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Put simply, I walked into that AP test room with a 110% assurance that I knew the material.  And by “knew” I don’t mean memorized or something paltry like that.  I mean “knew” as in I understood it, could apply it and could absolutely, positively ace the exam. 

The Business Game

AP Macro-Economics, Dr. Howard Richman

2/25/2013

As part of our macroeconomics class, we play economic simulation games which help my students grasp how economic laws work in the real world.

Our first game of the year is the "Business Game" which helps students gain an appreciation of  supply and demand.

Most of the students play retailers, selling meatie- and veggie-burgers to a simulated public. A few  play wholesalers who sell burgers to their classmates. I often join in the game as well, and family members are also welcome to play.

The graph on the right shows the demand curve faced by  retailers at the beginning of the game. If they price their burgers high, say at $6 per burger, they will gradually lose market share. As a result, in the long-run their  sales will decline.

Sometimes my students write essays about what they have learned from the game. One of the best of those essays was written by Jesse, one of my students during the 2012-2013 school year. In my response to that essay, I wrote:

Wow! What a fabulous essay on the Business Game! I love how you tied everything in with the economic concepts that we have been learning. Your mastery of economics vocabulary and concepts was awesome! You made one excellent point after another.

Your discussion of the decision that wholesalers make about whether to build a new veggie or a new meatie factory was indeed one of decision making "at the margin" as you pointed out. And they each did have a different "opportunity costs" depend upon each wholesaler´s level of technology for each type of burger. Again, I can just say "Wow!"

And you made a very good point in response to the "for whom" question. You were kind enough not to mention that I was one of the ones able to get burgers during the shortage because I was willing to offer as high as $4, a price that was significantly higher than the one that other retailers were offering....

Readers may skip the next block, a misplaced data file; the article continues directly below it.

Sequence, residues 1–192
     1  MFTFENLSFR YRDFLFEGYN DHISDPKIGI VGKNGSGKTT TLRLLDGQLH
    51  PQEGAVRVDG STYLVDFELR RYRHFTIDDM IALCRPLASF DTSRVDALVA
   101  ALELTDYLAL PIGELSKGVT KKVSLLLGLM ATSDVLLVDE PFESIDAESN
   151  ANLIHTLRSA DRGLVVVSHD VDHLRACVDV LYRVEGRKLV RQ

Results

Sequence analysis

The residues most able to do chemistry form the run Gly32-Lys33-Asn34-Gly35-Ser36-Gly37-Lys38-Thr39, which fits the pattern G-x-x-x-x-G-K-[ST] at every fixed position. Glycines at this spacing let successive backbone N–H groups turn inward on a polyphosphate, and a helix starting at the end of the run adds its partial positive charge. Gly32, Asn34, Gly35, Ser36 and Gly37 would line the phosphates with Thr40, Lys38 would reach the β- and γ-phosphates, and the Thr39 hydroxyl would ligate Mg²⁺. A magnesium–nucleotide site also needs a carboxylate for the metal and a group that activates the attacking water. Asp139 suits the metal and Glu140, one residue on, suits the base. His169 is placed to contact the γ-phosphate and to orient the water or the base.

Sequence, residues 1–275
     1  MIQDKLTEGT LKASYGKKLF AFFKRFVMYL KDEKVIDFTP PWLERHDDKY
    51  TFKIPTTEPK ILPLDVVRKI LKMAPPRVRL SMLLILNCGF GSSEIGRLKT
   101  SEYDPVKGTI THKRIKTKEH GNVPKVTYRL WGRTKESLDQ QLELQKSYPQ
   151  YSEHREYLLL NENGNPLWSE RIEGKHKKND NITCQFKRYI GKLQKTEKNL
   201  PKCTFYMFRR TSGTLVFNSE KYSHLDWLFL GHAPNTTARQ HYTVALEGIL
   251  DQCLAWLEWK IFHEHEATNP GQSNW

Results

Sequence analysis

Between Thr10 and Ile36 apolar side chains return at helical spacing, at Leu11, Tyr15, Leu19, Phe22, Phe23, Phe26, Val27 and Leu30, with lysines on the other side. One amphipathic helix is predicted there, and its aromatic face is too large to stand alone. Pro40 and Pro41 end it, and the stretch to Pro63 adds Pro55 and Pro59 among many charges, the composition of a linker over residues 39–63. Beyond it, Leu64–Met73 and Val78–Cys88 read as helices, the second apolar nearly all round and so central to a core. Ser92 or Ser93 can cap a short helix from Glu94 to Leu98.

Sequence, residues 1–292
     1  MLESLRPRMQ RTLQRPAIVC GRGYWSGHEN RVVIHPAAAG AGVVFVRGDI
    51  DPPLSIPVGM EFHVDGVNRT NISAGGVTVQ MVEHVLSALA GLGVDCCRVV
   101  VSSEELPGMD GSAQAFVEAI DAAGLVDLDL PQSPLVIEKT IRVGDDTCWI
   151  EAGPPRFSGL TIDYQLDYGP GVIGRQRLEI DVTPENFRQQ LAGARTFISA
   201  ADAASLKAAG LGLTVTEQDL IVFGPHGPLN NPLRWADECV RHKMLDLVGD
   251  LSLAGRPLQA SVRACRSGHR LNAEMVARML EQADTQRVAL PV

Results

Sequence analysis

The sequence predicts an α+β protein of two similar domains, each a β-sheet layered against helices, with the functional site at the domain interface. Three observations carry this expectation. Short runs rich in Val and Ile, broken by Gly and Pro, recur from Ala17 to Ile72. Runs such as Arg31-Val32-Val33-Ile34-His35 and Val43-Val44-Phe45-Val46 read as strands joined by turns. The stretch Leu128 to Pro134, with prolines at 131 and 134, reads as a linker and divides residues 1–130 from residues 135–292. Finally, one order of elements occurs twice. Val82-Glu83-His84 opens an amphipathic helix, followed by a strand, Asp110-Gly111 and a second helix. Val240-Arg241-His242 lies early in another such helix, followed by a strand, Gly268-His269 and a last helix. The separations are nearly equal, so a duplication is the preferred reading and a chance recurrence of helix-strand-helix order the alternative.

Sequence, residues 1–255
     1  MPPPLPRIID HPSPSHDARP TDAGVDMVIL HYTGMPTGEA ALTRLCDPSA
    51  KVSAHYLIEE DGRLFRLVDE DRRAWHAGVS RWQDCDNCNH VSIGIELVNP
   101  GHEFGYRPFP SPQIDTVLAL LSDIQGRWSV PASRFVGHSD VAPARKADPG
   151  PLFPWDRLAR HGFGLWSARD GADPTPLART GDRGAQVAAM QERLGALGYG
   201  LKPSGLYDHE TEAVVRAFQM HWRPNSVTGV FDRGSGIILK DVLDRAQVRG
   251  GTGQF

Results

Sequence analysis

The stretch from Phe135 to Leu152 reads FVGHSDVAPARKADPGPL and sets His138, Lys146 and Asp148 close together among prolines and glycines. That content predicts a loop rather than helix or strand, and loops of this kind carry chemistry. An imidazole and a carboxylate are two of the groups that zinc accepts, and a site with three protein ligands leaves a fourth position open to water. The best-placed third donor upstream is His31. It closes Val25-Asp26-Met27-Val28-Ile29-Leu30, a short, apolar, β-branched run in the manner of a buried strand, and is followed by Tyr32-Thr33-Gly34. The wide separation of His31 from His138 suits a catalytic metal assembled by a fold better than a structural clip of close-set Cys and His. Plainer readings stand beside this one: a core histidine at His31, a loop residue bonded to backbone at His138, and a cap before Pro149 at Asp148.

I loved the way you pointed out that this method of distribution would not be the method that would be employed in a socialist country, which would tend to ration the burgers so every retailer would get about the same amount of burgers. You also pointed out that rationing results in a system in which the reward is not proportionate to the work put in.

I see two other problems with the socialist rationing system. By keeping the price low, the wholesalers within a socialist economy  would have less incentive to build more factories. As a result, the shortage would continue, turn after turn, the whole game. Indeed, in socialist economies, the shortages continue forever. In contrast, in the business game the shortages disappeared once wholesalers figured out that they could make lots of money by building lots of factories....

The Business Game is just the first game of the course. The Guns or Butter game is a trading alliance and war game. The Investment Game gives each student the experience of trying to manage unemployment, inflation and long-term growth in his or her own economy. The Economic Warfare Game pairs students on teams in a world where economic warfare, using currency manipulation and industrial spies, is the norm. My students learn economics while playing games! 

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